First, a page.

Coal empties roll west behind SD70MAC 9625, a few miles outside of Lucas. There's a sort of creekish thing next to the tracks, given that this is in a valley of sorts, so there's rip rap along the edge of the grade to help prevent erosion.
The train then crosses over one of the tributaries of the creek as it heads toward Osceola.
No distributed power locomotives on this one.
And this is the half-train. Maintenance of way equipment heads east behind a Brandt road-rail vehicle. I'd heard of these things but never actually seen one before. Obviously, as you can see, it's capable of pulling a number of full size railroad cars, though it's worth noting that these ballast hoppers are empty.
And there they go. The cars were all in either Burlington Northern or Santa Fe colors- no repaints here, in spite of the fact that the BNSF merger took place over 15 years ago.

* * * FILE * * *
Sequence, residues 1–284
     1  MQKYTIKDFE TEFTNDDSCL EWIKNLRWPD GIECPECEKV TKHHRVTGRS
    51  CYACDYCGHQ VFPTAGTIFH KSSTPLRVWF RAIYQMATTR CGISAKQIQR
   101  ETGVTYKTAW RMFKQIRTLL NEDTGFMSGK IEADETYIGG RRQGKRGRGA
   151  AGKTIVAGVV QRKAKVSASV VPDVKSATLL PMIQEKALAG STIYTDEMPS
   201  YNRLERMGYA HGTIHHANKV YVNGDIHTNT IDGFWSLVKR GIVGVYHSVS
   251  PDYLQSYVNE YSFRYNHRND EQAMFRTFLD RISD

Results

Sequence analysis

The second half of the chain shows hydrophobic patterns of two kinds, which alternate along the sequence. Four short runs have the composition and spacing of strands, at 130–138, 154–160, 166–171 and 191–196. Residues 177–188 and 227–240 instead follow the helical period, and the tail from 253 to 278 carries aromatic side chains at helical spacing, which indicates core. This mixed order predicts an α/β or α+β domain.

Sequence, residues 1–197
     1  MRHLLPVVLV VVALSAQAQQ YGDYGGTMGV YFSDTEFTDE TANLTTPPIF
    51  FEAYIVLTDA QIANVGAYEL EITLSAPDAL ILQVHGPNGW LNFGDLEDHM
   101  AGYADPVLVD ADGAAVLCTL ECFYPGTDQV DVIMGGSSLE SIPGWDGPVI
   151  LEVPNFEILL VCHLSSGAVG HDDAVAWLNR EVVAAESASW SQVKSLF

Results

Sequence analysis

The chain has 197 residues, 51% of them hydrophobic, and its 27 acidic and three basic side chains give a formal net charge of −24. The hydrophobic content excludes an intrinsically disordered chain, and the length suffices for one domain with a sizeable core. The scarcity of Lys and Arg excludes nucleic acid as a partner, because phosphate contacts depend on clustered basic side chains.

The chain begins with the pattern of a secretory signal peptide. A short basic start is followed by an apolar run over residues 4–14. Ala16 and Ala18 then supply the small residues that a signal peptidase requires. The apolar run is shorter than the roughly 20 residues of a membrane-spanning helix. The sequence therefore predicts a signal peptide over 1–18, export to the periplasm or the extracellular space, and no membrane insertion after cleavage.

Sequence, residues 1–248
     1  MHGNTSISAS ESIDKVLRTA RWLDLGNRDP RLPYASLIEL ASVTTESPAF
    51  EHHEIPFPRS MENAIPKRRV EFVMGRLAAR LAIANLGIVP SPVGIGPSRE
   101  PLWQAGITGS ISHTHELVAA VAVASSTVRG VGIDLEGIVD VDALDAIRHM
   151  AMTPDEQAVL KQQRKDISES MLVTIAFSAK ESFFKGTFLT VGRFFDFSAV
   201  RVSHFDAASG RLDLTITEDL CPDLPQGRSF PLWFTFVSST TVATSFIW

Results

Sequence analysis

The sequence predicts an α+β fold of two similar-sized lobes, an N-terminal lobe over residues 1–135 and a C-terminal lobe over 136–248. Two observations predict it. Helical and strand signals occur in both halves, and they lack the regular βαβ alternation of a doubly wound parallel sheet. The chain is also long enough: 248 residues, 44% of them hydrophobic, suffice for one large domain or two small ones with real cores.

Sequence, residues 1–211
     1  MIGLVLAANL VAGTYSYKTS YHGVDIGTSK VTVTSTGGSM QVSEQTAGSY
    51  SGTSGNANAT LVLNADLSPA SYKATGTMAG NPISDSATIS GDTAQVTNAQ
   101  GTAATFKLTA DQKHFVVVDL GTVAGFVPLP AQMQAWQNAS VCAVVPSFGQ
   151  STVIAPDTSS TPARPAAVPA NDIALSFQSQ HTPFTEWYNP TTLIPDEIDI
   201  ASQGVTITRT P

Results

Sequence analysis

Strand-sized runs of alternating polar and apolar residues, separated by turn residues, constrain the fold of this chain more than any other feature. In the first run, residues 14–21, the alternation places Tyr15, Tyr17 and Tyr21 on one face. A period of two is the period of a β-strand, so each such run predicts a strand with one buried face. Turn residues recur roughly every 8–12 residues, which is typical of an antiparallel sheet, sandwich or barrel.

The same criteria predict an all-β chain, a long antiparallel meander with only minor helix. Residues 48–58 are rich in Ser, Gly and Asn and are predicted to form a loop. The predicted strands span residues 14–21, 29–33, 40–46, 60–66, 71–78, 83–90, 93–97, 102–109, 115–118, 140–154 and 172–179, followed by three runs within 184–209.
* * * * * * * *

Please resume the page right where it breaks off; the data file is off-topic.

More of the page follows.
The second 'whole' train arrived as the sun was setting. Or at least setting there- the hills behind me were beginning to block its light. A cloud or two were also intervening.
The two General Electric units on the lead are working overtime to move this train along at a good pace.
This train does have distributed power- two EMD units bring up the rear.
And that's that. Next time I go trackside, I suspect I'll need a jacket.